Gharial laying on sandy river bank.

Gharial

Toothy fish-eaters

Type

lizard

Reptiles

Area

Map of Asian countries

Asia

Endangered Status

Endangered

facts

size
11 to 15
feet in length, most adults
The average bed length is 6.25 feet long.
Gharial next to an average bed.

Most adult gharials are 11 to 15 feet long, but very large males can be longer than 19 feet.

food
fish, frogs
fish

Gharials are “sit-and-wait” predators, with a long, slender snout that holds about 100 sharp, interlocking teeth. They hunt near the river bottom, holding still or moving very slowly, and snapping up fish that come too close.

habitat
rivers, more
wetlands

Gharials can be found in watery locations like rivers and wetlands.

description

Gharial resting on rock.

Heavy-duty crocs

Gharials are related to crocodiles and alligators—a group of reptiles called crocodilians. Gharials are one of the largest crocodilians. Some weigh more than a Harley-Davidson motorcycle! Gharials are excellent swimmers, but their legs are too weak to support their enormous body on land. Instead of walking the way other crocodilians do, gharials slide on their bellies.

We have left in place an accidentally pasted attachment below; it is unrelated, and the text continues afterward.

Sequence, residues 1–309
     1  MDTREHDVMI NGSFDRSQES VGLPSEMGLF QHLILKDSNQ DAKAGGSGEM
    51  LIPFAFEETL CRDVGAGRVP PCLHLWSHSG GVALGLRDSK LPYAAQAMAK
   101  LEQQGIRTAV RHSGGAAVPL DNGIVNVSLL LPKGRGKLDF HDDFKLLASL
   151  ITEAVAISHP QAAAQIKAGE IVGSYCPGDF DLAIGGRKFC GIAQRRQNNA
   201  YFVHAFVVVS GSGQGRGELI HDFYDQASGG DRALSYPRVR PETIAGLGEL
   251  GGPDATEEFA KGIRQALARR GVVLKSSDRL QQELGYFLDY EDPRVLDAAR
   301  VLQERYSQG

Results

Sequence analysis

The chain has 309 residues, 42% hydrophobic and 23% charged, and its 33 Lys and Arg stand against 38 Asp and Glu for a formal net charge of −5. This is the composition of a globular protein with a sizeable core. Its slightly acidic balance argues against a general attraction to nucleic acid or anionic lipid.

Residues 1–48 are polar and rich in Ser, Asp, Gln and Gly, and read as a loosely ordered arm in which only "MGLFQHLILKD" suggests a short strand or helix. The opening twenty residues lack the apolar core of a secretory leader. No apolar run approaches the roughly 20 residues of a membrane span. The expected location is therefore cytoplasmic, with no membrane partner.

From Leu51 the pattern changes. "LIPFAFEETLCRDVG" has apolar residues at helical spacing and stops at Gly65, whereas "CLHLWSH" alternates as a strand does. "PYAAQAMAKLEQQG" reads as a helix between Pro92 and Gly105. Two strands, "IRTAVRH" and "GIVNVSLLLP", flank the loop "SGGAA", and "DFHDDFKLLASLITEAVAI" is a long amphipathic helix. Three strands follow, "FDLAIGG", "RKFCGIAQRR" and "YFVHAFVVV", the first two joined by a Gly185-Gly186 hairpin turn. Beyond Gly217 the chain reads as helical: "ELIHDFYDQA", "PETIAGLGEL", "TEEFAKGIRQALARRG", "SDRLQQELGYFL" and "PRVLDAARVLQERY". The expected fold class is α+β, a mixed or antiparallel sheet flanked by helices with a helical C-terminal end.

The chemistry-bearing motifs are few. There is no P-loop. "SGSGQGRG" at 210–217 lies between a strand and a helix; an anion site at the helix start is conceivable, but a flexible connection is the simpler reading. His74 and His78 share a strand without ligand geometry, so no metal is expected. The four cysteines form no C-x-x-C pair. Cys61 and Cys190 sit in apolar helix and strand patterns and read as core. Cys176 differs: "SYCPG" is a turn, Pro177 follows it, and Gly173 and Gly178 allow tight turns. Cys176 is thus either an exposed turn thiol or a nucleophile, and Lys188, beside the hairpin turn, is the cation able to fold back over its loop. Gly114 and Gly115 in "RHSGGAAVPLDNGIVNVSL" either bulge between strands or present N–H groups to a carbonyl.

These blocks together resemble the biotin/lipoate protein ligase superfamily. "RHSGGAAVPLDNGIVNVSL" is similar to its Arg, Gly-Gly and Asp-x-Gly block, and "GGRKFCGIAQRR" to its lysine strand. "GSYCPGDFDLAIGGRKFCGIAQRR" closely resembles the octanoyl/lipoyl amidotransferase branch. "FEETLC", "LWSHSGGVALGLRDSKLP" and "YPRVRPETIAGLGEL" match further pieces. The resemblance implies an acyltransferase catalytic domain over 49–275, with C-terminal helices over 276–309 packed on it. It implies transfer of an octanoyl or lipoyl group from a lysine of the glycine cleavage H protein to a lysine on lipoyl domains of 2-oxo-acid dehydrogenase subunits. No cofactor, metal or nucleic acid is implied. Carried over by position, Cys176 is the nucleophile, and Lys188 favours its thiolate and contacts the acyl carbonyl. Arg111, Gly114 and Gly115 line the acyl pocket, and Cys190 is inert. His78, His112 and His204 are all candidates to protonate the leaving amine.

Male gharial with large nose bump.

Bump on the nose

When a male gharial is about 10 years old, a bump of cartilage starts to grow at the tip of his snout. Eventually, the bump becomes a big knob. An adult male gharial can make a buzzing noise through its knob. Gharials are the only crocodilians with these knobs, and they grow only on males.

Female gharial sitting at river's edge during evening.

Safe in the sand

Female gharials lay eggs at night. First, they dig a hole in the sand, near water. They lay their eggs in the hole and cover them with sand. A gharial mom stays near her nest until her eggs hatch, to keep them safe from predators like pigs, mongooses, and large lizards.

Gharial babies hatching from their eggs.

Happy hatch day!

Gharial eggs hatch after 70 days. When the babies are ready, they use a short little tooth on the end of their snout, called an “egg tooth,” to start breaking out of the leathery shell. A mother gharial protects her little hatchlings for several weeks. Sometimes, mom or dad will give the “kids” a ride on their back.

Only about 250 gharials remain in the wild. They face many threats. Fishermen are removing their prey. People settle near rivers and change their habitat. And even though it is illegal, some people hunt them for skin and meat. San Diego Zoo Global partners with other zoos to help this amazing species.